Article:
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Meningitis Reported in Student Who Visited from West Chester University

by on February 05, 2013 3:37 PM

A student who visited Penn State over the weekend was admitted to West Chester Hospital on Sunday with meningococcal meningitis.

According to Penn State Live, the West Chester University student attended a conference at Penn State from Friday through Sunday.

University Health Services is working with the Pennsylvania Department of Health to contact individuals at University Park who may have been exposed to the infected student. Prophylactic antibiotic therapy is recommended for anyone with prolonged, close contact with an infected person, according to Penn State. 

Meningococcal meningitis is a form of bacterial meningitis that is treated with antibiotics. According to Penn State, the infection is serious and may develop rapidly. Early symptoms include fever, severe headache, stiff neck, nausea, vomiting, sensitivity to bright lights, confusion and lethargy. Symptoms may develop rapidly and it is important to get medical care as soon as possible.

Meningococcal meningitis bacteria are spread by activities such as kissing, sharing eating utensils, sharing drink containers and toothbrushes, and by prolonged, close contact with an infected person. Anyone who has direct contact with a diagnosed person's oral secretions or lives in the same household is considered to have an increased risk of acquiring the infection.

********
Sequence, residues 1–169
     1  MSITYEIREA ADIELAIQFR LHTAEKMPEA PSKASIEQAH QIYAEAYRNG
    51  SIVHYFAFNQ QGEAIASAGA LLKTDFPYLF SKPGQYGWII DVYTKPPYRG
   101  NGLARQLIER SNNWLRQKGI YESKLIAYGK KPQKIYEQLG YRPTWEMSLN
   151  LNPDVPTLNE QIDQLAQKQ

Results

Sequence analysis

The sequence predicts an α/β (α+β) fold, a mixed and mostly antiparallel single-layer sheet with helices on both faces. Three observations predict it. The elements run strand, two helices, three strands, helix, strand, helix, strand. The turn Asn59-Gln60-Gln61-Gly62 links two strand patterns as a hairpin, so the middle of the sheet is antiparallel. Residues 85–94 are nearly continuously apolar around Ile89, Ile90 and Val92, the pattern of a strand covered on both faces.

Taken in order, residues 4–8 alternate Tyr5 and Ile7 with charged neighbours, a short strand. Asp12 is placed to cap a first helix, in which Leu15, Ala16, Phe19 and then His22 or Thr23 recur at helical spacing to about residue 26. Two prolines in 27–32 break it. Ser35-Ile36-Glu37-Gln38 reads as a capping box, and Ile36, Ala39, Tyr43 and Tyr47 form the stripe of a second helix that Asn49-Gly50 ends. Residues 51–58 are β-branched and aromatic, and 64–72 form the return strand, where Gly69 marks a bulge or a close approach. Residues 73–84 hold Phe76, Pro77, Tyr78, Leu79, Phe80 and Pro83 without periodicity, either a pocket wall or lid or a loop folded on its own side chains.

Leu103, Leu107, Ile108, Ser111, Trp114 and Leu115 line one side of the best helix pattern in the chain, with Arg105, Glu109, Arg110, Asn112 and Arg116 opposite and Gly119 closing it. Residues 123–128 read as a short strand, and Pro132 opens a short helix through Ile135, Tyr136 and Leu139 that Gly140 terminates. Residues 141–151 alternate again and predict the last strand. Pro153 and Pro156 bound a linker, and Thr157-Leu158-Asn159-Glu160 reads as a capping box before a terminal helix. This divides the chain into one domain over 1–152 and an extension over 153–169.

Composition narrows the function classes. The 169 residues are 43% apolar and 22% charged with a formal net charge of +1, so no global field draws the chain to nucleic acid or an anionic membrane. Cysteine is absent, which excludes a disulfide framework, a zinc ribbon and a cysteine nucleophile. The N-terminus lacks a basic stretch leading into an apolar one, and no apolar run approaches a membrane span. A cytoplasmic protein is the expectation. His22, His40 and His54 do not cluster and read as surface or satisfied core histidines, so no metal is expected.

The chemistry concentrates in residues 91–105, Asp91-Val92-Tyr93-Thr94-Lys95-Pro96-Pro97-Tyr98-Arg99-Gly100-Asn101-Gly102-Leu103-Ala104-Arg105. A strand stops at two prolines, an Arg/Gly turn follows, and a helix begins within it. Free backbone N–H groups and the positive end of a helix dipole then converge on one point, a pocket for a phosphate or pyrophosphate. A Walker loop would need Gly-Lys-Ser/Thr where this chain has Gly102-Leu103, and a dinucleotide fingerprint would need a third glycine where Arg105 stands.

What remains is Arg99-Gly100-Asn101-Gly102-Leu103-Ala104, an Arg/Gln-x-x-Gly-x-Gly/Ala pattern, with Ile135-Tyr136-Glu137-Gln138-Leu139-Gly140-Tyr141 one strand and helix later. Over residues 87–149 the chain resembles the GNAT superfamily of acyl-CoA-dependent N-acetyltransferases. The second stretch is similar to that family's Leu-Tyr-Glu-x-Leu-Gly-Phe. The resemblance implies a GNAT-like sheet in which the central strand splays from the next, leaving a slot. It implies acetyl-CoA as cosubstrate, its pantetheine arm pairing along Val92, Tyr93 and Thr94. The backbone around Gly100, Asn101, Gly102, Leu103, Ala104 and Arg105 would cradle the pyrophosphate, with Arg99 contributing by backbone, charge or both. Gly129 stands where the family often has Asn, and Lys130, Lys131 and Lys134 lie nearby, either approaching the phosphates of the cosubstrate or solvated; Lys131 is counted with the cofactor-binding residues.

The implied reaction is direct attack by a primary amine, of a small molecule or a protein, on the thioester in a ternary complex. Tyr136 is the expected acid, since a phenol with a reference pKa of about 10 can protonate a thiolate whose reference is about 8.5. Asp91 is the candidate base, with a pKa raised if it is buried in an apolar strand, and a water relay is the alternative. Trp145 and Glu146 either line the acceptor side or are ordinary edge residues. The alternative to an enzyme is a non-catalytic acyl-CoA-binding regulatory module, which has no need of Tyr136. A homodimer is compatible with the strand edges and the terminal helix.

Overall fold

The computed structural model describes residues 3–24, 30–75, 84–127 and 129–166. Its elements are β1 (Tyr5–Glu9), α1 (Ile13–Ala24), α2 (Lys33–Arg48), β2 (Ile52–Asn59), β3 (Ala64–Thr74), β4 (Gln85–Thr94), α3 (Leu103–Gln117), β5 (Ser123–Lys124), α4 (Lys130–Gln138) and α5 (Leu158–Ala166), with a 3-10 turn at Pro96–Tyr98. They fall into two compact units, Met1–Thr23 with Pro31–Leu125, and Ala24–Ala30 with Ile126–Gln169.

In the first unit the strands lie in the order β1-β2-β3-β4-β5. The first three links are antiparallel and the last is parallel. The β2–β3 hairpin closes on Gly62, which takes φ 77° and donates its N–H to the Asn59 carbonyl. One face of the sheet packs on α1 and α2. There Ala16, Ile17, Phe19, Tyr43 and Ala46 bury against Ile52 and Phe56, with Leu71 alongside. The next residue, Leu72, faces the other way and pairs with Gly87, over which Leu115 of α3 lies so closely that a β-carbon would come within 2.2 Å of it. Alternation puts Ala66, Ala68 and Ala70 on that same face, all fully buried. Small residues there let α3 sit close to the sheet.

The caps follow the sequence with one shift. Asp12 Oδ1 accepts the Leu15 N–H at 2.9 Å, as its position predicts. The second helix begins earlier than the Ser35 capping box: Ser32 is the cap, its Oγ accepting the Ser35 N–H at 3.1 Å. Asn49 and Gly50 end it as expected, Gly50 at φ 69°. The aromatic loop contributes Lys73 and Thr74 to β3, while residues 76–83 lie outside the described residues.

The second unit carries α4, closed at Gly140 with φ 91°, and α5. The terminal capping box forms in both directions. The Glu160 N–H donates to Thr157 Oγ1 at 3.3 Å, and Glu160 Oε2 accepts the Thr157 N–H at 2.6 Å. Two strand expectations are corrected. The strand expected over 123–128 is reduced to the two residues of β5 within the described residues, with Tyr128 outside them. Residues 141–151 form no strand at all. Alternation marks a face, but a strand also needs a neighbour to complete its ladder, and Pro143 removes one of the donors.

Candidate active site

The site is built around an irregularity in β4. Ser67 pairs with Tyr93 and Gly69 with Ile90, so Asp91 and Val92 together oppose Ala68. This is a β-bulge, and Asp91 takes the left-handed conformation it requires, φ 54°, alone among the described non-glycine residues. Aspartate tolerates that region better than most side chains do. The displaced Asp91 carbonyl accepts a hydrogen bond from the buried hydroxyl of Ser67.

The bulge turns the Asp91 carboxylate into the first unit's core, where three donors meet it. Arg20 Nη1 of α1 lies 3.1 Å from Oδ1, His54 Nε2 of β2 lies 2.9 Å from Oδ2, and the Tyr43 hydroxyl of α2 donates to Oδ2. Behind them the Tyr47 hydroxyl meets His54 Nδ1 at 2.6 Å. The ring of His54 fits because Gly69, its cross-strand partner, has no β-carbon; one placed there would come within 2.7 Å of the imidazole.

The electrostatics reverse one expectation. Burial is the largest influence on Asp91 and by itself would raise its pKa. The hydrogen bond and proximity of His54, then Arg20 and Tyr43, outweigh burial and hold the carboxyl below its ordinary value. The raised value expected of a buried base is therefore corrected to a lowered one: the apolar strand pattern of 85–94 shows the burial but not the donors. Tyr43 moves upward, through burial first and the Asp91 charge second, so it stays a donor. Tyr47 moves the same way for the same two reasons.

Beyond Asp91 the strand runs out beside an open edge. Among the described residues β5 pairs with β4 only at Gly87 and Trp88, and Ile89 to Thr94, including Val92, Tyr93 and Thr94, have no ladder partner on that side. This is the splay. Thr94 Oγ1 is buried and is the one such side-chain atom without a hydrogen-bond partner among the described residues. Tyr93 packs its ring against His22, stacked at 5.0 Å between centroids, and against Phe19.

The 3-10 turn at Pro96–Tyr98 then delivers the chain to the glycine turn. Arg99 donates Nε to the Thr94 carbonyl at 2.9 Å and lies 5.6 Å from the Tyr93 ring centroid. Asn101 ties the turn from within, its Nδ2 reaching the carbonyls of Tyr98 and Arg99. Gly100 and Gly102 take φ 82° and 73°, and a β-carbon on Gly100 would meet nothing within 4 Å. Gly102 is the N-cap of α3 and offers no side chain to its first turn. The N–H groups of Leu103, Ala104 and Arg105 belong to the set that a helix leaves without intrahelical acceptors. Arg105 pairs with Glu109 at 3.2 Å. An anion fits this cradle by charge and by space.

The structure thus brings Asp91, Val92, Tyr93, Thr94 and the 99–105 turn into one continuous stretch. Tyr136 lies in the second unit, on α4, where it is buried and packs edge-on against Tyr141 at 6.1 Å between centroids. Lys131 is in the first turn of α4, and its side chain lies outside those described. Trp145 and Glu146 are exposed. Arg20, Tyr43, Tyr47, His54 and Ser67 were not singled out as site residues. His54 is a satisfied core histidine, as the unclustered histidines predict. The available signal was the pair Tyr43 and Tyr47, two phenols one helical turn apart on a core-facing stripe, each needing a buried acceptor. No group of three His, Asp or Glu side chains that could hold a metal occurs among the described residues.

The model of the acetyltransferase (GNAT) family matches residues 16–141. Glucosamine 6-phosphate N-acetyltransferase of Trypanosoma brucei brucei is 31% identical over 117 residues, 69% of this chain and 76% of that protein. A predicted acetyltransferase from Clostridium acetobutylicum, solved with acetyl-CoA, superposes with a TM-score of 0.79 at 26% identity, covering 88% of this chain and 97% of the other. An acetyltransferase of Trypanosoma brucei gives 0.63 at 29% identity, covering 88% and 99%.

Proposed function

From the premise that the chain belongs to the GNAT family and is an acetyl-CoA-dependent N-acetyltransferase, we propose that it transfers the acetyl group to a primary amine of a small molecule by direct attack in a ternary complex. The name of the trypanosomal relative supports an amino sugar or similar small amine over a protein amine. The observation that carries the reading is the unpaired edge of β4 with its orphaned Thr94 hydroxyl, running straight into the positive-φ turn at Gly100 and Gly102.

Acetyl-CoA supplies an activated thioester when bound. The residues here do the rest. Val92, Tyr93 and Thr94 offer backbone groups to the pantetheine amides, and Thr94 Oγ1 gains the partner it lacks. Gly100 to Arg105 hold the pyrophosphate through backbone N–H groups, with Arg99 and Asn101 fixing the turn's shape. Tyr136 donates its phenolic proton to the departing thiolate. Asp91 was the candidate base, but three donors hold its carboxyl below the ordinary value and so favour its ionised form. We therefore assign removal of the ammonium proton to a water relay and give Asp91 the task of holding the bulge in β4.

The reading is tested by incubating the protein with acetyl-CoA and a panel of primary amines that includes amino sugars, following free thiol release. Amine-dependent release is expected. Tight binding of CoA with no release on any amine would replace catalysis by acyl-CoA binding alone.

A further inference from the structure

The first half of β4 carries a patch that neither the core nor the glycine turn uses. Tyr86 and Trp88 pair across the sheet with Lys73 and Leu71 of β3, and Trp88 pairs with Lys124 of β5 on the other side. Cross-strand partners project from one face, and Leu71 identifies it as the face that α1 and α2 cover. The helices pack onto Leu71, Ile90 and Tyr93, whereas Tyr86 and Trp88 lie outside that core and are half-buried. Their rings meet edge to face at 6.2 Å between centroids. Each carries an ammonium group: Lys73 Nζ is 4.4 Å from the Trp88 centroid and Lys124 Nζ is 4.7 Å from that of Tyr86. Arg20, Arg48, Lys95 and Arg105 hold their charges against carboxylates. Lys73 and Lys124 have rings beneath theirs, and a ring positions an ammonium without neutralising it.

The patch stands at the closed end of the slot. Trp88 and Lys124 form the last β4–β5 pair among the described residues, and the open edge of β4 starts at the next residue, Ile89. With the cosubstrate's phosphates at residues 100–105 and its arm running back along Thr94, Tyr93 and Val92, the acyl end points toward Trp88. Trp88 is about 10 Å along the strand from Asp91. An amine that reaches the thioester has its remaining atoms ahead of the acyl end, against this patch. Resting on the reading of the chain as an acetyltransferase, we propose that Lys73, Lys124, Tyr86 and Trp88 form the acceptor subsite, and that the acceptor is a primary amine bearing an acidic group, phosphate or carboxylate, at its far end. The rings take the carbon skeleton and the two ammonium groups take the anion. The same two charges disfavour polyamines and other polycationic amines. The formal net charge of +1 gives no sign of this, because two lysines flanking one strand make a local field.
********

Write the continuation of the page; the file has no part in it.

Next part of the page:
Penn State has provided a number of resources for anyone concerned about symptoms or exposure. University Health Services offers a 24/7 Advice Nurse Line at 814-863-4463 and is open during regular business hours Monday through Friday, and from 11 a.m. to 3 p.m. Saturdays. Students can get the meningococcal vaccine at University Health Services by scheduling an appointment online at or by calling 814-863-0774.

Emergency services are available to students 24 hours a day by dialing 911.

Penn State encourages students to get the meningococcal vaccine before starting at Penn State and those who live in university-owned housing are required by Pennsylvania law to either be immunized against meningococcal disease or complete a waiver of exemption. The vaccine is effective in preventing four types of meningococcal disease, including two of the three most common types in the United States.

According to Penn State, the vaccine cannot prevent all types of the disease and may not be effective in 100 percent of people who receive it, which is the reason for prophylactic treatment of all close contacts of infected individuals.

For more information about meningitis, visit the Centers for Disease Control and Prevention website.

Laura Nichols is a news reporter and @LC_Nichols on Twitter.
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